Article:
Industrial activity review for 2009

The following article by Mike Kay overviews industrial activity in New Zealand in 2009 and summarises some of the highlights.


 The Statistics NZ Survey of Working Life (March 2008) identified 30.1% of all employees as union members. Female employees were more likely to be union members than males (33.0% and 27.4%, respectively). Only 17.4% of casual employees were unionised. By industry, union membership was highest for those who worked in education (58.5%), health and community services (52.0%) and other services (42.8 %). Professionals (46.1%) and those who worked as plant and machine operators and assemblers in their main job (41.5%) had the highest level of union membership.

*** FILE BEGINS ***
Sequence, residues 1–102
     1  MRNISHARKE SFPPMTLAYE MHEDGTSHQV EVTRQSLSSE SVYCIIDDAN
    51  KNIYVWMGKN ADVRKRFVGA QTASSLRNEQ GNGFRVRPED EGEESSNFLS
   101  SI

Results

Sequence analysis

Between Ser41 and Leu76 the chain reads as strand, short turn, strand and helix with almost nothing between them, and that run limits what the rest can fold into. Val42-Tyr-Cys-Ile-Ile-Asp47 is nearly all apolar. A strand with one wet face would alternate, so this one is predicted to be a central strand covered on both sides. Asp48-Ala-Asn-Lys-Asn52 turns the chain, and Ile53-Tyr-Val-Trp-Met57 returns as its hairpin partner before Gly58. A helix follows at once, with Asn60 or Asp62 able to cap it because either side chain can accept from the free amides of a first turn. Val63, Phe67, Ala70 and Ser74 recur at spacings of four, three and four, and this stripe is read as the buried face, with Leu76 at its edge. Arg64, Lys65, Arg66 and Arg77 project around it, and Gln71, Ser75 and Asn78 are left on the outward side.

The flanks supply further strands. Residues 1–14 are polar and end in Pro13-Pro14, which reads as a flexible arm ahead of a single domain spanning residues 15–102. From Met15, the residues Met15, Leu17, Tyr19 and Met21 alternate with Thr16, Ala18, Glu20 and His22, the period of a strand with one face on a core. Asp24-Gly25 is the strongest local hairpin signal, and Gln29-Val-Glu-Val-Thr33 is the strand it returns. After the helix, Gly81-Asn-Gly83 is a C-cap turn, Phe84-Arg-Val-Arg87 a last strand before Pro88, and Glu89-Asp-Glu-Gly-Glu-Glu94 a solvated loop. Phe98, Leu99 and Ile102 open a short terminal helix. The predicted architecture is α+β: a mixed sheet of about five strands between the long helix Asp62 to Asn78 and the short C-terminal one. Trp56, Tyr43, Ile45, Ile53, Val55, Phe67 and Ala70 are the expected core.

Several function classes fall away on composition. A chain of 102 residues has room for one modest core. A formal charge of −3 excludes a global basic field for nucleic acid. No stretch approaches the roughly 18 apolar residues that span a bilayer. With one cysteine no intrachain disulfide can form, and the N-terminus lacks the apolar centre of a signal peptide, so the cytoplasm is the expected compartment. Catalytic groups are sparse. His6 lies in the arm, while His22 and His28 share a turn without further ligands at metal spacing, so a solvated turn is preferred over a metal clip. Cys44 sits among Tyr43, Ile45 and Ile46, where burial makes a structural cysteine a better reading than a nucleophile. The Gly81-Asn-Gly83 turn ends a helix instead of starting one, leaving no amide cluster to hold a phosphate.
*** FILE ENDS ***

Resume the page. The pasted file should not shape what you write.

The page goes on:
There has been a strong downward trend for work stoppages in the recent period, by every measure:

Source: Statistics NZ Work Stoppages: June 2009 quarter

 Although the year to June figures excludes a number of recent major disputes towards the end of 2009, they represent the lowest number of stoppages in 18 years. The transport, postal and warehousing industry was responsible for most stoppages, significantly ahead of the next most militant sector, manufacturing.  Undeniably, we are still in the midst of a protracted downturn in the class struggle, although some notable exceptions to the trend may point the way to a revival of militancy in the coming year. [Read more…]

Campaigning for living wage reform – ground reports